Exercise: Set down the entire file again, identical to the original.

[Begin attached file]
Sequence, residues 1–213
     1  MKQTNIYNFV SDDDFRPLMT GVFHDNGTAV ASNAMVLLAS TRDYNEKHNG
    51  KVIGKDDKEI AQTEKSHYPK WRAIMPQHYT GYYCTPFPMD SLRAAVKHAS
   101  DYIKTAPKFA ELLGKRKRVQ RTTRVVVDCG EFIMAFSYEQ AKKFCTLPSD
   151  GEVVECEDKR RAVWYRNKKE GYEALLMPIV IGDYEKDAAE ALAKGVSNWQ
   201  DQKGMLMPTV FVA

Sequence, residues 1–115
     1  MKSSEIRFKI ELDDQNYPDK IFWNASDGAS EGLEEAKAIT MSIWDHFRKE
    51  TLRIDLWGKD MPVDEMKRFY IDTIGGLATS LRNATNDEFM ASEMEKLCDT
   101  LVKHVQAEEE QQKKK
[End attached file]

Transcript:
Sequence, residues 1–213
     1  MKQTNIYNFV SDDDFRPLMT GVFHDNGTAV ASNAMVLLAS TRDYNEKHNG
    51  KVIGKDDKEI AQTEKSHYPK WRAIMPQHYT GYYCTPFPMD SLRAAVKHAS
   101  DYIKTAPKFA ELLGKRKRVQ RTTRVVVDCG EFIMAFSYEQ AKKFCTLPSD
   151  GEVVECEDKR RAVWYRNKKE GYEALLMPIV IGDYEKDAAE ALAKGVSNWQ
   201  DQKGMLMPTV FVA

Sequence, residues 1–115
     1  MKSSEIRFKI ELDDQNYPDK IFWNASDGAS EGLEEAKAIT MSIWDHFRKE
    51  TLRIDLWGKD MPVDEMKRFY IDTIGGLATS LRNATNDEFM ASEMEKLCDT
   101  LVKHVQAEEE QQKKK